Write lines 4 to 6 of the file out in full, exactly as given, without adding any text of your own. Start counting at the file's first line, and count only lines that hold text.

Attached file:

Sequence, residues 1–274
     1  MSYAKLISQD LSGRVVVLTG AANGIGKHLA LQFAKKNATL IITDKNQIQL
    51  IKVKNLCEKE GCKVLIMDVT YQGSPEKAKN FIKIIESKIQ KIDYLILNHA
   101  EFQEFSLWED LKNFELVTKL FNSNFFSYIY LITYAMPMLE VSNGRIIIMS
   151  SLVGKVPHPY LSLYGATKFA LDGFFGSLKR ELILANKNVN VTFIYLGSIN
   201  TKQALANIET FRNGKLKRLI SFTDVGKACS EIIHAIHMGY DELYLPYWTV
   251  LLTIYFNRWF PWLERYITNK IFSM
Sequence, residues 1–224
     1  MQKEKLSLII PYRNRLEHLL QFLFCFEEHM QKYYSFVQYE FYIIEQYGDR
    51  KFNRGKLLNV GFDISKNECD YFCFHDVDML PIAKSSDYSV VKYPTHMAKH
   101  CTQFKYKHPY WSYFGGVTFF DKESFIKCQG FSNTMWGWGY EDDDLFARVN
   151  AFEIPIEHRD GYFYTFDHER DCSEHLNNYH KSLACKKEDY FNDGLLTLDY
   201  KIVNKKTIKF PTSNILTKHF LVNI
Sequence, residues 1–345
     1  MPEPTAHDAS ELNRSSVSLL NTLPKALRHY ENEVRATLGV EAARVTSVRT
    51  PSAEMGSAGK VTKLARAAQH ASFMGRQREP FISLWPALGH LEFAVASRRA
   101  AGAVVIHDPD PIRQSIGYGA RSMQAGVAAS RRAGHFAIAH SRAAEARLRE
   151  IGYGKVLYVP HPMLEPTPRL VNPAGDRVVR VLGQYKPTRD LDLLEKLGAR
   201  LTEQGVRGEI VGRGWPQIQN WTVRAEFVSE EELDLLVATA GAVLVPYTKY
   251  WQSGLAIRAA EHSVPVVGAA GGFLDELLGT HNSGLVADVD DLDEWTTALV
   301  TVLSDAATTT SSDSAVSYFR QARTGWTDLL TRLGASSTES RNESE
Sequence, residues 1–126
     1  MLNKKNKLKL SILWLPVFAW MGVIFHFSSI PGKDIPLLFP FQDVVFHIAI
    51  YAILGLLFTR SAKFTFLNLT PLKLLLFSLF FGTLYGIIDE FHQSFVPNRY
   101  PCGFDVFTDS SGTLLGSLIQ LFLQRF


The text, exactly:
   101  EFQEFSLWED LKNFELVTKL FNSNFFSYIY LITYAMPMLE VSNGRIIIMS
   151  SLVGKVPHPY LSLYGATKFA LDGFFGSLKR ELILANKNVN VTFIYLGSIN
   201  TKQALANIET FRNGKLKRLI SFTDVGKACS EIIHAIHMGY DELYLPYWTV